Household moisture primarily resides in the building materials and furnishings in a house. Think your big, damp mattress, for instance.
Damp materials in your house keep your relative humidity high. And releasing humidity into the air means that moisture will eventually find its way inside your couch, or in other furnishings or building materials.
Here is a simple chart of the equilibrium relationship between moisture in the air (RH), and moisture in materials (MC), expressed as a percentage of the mass of the material.
This chart can be read as follows: If you house averages 70% humidity, you can follow the 70% RH line and see that spruce wood (similar to pine), will have about 13% moisture content. Given that your house will have thousands of kg of pine in it, this chart means there will be hundreds of kg of water in that material. And the same with wallboard, insulation, soft furnishings, and your carpet.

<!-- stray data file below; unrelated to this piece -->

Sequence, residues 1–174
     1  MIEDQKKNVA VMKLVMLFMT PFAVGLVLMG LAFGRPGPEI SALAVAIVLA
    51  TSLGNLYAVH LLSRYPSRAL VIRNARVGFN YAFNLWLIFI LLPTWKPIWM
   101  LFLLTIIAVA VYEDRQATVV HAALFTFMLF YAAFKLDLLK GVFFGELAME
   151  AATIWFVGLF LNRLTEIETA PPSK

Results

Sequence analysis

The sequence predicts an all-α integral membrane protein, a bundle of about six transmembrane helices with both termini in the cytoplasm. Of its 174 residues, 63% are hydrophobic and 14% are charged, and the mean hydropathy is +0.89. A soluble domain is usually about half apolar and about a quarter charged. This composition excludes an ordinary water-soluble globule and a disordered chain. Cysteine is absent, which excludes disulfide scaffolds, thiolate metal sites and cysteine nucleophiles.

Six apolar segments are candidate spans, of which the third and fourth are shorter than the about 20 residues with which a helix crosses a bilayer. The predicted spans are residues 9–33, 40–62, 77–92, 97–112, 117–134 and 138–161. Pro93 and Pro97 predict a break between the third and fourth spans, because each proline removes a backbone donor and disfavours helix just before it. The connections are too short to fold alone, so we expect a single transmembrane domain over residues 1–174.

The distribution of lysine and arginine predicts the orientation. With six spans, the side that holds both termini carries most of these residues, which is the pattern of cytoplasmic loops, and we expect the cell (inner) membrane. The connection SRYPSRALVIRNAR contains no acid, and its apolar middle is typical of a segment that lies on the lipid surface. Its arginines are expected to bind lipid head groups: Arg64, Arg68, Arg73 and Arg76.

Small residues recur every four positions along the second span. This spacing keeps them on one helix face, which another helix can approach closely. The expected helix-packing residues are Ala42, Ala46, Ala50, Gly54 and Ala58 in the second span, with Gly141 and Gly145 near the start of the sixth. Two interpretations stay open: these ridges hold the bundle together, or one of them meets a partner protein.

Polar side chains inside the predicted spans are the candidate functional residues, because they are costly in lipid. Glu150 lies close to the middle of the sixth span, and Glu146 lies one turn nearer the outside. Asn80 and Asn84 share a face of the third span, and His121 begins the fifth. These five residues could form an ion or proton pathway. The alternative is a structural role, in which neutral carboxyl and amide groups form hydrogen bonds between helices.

For experimental purposes, or for learning with school kids, a simple hygrothermal (heat and moisture) model of a house can be built as so:
Read about our recent research with the Valley Community Workspace community group: ValleyWorkspace.org-BuildingMoistureStorage (PDF)